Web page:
"Our overall goal is to bring evidence-based, effective tobacco control measures into the pediatric setting," says Jonathan Winickoff, MD, MPH of the MGH Center for Child and Adolescent Health Policy, the lead author of both reports. "Most physicians treating children are not currently intervening effectively with parents about smoking, and our research has shown that doing so is both feasible and welcomed by the parents."
The research team, which includes a physician from Boston Children's Hospital, had previously published a study showing that a child's hospitalization for respiratory illness was a good occasion for offering stop-smoking services to parents. One of the current studies was designed to see if outpatient-visit counseling could lead to the same results.
During a four-month period, parents or other adults bringing a child to a Children's Hospital outpatient clinic for respiratory illness or other conditions related to tobacco smoke were asked about their own smoking habits. Those who reported smoking were invited to participate in the Stop Tobacco Outreach Program (STOP), a free service including a motivational interview, nicotine replacement, follow-up phone counseling and referrals to both their primary care physicians and to the Massachusetts Smokers Quitline.
Of 100 parents enrolling in the program, 78 percent accepted nicotine replacement therapy, and 81 percent completed both the in-person and telephone counseling sessions. A follow-up call two months after the program began found that 44 percent of those who received nicotine replacement had used it and 42 percent had received additional counseling from the Quitline.
Quitting for 24 hours or more was reported by 86 percent of those reached for follow-up, and almost 20 percent reported continuing tobacco abstinence, a figure that compares with a usual U.S. annual quit rate of 2 to 3 percent. Almost 90 percent of parents reached for follow-up thought the program was useful, and all of them said it should be offered to all smoking parents.
"Harnessing the pediatric visit sets up a teachable moment for smoking parents, because they are concerned about the health of their child," says Winickoff. "Many physicians think that parents would refuse smoking cessation services, but we had 80 percent saying they wanted it, which is similar to what we saw in the hospitalization study."
In the second Pediatrics study, the researchers conducted a phone survey of households across the U.S. Of the 900 parents who had a child seen by a pediatrician or family practitioner in the previous year, 21 percent reported they were smokers. Almost half of the parents - both smokers and non-smokers - recalled being asked by the child's physician whether they or anyone in their household smoked. About 40 percent of smokers were asked whether smoking was allowed inside their homes, and 20 percent were asked about their cars. A third of smokers reported being advised about the health risks of second-hand smoke or the fact that smokers' children were more likely to smoke themselves, and only 40 percent said the physician had advised them to stop smoking.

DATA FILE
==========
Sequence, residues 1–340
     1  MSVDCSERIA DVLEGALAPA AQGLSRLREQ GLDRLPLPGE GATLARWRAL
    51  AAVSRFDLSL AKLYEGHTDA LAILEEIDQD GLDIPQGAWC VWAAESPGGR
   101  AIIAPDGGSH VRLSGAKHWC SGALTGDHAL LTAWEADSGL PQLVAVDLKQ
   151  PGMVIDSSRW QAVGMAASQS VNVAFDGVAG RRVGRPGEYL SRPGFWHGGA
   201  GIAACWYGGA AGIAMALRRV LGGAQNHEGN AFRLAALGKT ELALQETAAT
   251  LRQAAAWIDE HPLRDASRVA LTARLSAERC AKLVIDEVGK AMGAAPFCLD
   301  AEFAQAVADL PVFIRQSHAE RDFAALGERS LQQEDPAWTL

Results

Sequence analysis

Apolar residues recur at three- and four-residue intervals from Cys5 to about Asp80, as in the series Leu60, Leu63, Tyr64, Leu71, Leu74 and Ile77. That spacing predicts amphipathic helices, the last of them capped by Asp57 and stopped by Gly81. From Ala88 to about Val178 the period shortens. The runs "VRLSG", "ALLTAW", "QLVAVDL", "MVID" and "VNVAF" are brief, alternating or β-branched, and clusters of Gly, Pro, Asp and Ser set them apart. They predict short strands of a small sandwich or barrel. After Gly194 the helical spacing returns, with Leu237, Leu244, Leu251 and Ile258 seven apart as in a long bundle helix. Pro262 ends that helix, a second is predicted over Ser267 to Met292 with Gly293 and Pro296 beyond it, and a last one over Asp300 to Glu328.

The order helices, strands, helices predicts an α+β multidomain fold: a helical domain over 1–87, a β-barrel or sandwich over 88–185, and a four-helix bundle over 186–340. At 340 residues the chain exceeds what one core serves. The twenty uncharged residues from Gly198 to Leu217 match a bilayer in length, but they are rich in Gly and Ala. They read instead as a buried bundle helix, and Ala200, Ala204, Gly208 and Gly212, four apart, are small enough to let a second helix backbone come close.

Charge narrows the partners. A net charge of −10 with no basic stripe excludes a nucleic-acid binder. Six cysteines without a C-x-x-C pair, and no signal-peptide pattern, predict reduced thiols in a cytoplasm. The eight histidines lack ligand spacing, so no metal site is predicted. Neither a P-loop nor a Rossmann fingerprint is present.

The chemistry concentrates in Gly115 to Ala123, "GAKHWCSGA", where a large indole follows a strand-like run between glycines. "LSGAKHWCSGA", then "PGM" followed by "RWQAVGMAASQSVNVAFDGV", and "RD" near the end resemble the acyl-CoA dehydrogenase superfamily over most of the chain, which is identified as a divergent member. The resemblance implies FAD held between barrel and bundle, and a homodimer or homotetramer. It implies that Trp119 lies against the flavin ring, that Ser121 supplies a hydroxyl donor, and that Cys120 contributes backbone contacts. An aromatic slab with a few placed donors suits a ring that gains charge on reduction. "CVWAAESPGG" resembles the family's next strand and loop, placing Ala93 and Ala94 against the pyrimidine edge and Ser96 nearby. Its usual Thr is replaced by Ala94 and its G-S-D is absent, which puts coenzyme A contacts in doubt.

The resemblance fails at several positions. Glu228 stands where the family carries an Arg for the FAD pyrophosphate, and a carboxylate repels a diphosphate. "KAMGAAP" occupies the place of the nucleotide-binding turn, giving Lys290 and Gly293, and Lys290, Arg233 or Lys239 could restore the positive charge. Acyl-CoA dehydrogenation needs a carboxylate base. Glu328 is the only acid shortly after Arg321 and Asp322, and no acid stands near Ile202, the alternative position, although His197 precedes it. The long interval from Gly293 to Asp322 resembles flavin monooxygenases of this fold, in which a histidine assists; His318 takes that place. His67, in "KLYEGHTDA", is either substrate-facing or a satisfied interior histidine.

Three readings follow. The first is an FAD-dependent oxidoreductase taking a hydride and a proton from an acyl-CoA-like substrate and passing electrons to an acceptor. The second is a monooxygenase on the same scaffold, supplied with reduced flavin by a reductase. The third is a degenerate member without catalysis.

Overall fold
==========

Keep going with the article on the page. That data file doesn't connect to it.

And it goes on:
"We found there is a tremendous opportunity for both pediatricians and family practitioners to improve their activities in this area, which could lead to a tremendous benefit to child health," says Winickoff, an instructor in Pediatrics at Harvard Medical School.
Co-authors of the intervention study were Valerie Buckley, James Perrin, MD, and Nancy Rigotti, MD, of the MGH, and Judith Palfrey, MD, of Children's Hospital. The survey study was co-authored by Rigotti; Robert McMillen, PhD, of Mississippi State University; Bronwen Carroll of the University of Massachusetts Medical School; and Jonathan Klein, MD, MPH, Susan Tanski, MD, and Michael Weitzman, MD, of the University of Rochester.
The studies were supported by grants from the Deborah Munroe Noonan Memorial Fund through the Medical Foundation, the Agency for Healthcare Research and Quality, a Midcareer Investigator Award in Patient-Oriented Research, the Flight Attendant Medical Research Institute, the Department of Health and Human Services, and the Center for Child Health Research of the American Academy of Pediatrics.
Massachusetts General Hospital, established in 1811, is the original and largest teaching hospital of Harvard Medical School. The MGH conducts the largest hospital-based research program in the United States, with an annual research budget of more than $350 million and major research centers in AIDS, cardiovascular research, cancer, cutaneous biology, medical imaging, neurodegenerative disorders, transplantation biology and photomedicine. In 1994, MGH and Brigham and Women's Hospital joined to form Partners HealthCare System, an integrated health care delivery system comprising the two academic medical centers, specialty and community hospitals, a network of physician groups, and nonacute and home health services.